Batteries Start Fires at Landfill

This week on Monday several small fires occurred at the Salina Municipal Landfill.

Officials say the fires started as a direct result of a few dozen Lithium, Ni-Cad and alkaline batteries disposed of in one load at the landfill. Lithium batteries have a tendency to start fires in the waste when impacted by machinery at the landfill and/or in the sanitation trucks during hauling. Landfill operators are diligent in watching for and removing batteries as they arrive, however, they cannot locate them all especially when mixed with other waste.

While lithium batteries are normally safe, they may cause injury or damage if they have design defects, are made of low quality materials, are assembled incorrectly, are used or recharged improperly or are damaged.

In February 2018, the U.S. Consumer Product Safety Commission’s Status Report on High Energy Density Batteries Project reported over 25,000 overheating or fire incidents involving more than 400 types of lithium battery-powered consumer products that occurred over a five-year period.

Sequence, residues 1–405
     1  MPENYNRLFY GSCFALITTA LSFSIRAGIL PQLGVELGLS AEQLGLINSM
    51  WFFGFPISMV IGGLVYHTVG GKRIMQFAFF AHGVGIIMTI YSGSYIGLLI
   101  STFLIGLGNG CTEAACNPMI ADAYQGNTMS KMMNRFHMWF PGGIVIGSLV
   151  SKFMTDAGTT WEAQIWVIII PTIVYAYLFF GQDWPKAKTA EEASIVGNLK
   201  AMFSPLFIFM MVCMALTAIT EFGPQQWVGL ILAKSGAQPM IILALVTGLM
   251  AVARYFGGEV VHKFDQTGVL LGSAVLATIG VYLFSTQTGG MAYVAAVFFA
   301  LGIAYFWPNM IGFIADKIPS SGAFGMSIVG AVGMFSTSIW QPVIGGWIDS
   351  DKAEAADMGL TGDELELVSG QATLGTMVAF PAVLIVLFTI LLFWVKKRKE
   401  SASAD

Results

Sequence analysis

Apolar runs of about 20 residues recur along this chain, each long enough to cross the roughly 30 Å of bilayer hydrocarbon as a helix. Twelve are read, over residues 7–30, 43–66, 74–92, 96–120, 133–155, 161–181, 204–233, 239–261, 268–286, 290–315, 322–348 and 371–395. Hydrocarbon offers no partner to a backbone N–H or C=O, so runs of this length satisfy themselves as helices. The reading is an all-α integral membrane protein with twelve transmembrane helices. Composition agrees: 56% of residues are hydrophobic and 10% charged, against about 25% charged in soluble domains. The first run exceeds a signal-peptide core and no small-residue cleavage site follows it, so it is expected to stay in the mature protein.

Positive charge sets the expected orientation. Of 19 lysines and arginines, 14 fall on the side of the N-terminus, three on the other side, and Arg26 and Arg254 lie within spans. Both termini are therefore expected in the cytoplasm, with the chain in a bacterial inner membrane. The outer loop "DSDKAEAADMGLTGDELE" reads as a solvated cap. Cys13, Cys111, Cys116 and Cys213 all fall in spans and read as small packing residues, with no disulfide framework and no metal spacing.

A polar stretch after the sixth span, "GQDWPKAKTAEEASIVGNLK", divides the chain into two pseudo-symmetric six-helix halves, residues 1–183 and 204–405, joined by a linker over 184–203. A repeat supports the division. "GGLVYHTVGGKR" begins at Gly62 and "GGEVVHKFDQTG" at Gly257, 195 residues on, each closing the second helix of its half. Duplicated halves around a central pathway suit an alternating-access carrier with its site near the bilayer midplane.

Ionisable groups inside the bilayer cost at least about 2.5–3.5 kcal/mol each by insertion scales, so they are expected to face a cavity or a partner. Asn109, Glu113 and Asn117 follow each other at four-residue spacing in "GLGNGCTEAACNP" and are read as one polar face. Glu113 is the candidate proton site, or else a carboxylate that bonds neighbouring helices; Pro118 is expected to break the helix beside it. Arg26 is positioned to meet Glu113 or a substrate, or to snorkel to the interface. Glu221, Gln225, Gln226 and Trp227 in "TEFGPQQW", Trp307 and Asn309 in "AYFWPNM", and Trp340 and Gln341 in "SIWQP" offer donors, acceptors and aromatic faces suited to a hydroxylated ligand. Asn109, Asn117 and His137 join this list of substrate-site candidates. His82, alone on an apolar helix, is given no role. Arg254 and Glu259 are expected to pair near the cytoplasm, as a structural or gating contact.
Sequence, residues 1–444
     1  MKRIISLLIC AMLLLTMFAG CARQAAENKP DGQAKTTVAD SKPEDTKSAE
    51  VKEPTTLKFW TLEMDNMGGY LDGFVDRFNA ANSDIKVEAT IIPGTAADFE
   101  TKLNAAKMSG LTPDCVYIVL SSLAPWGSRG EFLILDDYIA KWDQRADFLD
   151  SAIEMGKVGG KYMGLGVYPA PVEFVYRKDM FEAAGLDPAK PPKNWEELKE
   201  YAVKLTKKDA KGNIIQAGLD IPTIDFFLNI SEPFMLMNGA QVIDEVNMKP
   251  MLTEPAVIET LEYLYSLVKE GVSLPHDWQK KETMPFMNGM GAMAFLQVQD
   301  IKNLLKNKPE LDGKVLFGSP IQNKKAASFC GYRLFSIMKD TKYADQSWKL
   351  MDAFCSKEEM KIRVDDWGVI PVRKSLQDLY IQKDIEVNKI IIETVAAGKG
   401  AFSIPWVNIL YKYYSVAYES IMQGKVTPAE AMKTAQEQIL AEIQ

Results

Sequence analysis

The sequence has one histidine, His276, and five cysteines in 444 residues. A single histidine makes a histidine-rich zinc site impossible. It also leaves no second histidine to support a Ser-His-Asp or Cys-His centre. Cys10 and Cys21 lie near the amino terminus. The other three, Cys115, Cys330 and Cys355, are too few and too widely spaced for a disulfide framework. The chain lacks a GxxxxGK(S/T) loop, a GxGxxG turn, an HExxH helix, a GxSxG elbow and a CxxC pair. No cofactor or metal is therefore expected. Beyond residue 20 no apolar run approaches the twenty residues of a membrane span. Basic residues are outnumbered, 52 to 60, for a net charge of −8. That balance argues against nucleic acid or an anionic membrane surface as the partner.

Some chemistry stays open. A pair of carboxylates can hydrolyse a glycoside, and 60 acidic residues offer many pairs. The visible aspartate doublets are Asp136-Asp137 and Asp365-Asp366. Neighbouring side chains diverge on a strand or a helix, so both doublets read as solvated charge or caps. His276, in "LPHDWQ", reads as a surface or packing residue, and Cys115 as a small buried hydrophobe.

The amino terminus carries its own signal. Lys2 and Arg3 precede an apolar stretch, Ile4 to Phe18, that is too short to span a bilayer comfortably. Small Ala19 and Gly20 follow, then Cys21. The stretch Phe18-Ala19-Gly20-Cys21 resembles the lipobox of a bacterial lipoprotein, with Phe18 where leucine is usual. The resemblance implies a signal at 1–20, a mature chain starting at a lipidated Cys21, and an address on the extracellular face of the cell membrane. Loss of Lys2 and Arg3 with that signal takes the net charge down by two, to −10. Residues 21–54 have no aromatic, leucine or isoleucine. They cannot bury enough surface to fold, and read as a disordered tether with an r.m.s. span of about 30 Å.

When Lithium batteries fail to operate safely or are damaged, they may present a fire and/or explosion hazard. Damage from improper use, storage or charging may also cause Lithium batteries to fail. Damage to Lithium batteries can occur immediately or over a period of time, from physical impact, exposure to certain temperatures (≥130° and ≤32°) and/or improper charging may also cause lithium batteries to fail.

Heat released during one cell failure in a battery can damage nearby cells, releasing more heat in a chain reaction known as thermal runaway.

Saline County residents and local Non-profits (no businesses) can properly dispose of Lithium, sealed lead acid (<11 pounds), button cell (watch), rechargeable Lithium-Ion, Ni-Cad and NiMh batteries at:

The Salina Household Hazardous Waste Facility
315 E. Elm St.
Thursdays 7:30 a.m. to 7 p.m.
1st Saturday of each month 8 a.m. to Noon

For more information or to schedule an appointment call (785) 826-6638 or visit